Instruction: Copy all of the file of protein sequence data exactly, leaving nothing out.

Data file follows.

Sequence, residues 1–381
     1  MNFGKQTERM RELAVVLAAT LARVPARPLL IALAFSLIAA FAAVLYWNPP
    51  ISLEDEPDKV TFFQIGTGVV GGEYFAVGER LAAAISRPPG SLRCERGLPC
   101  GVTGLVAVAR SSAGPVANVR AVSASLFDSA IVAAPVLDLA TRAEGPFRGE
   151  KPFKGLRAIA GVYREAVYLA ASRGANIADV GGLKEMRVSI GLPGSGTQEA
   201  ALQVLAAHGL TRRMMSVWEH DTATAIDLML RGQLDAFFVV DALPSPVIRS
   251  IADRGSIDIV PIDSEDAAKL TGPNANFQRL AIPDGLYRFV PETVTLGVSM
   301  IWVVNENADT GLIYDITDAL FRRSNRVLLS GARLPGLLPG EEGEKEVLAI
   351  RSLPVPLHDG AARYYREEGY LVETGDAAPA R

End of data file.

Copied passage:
Sequence, residues 1–381
     1  MNFGKQTERM RELAVVLAAT LARVPARPLL IALAFSLIAA FAAVLYWNPP
    51  ISLEDEPDKV TFFQIGTGVV GGEYFAVGER LAAAISRPPG SLRCERGLPC
   101  GVTGLVAVAR SSAGPVANVR AVSASLFDSA IVAAPVLDLA TRAEGPFRGE
   151  KPFKGLRAIA GVYREAVYLA ASRGANIADV GGLKEMRVSI GLPGSGTQEA
   201  ALQVLAAHGL TRRMMSVWEH DTATAIDLML RGQLDAFFVV DALPSPVIRS
   251  IADRGSIDIV PIDSEDAAKL TGPNANFQRL AIPDGLYRFV PETVTLGVSM
   301  IWVVNENADT GLIYDITDAL FRRSNRVLLS GARLPGLLPG EEGEKEVLAI
   351  RSLPVPLHDG AARYYREEGY LVETGDAAPA R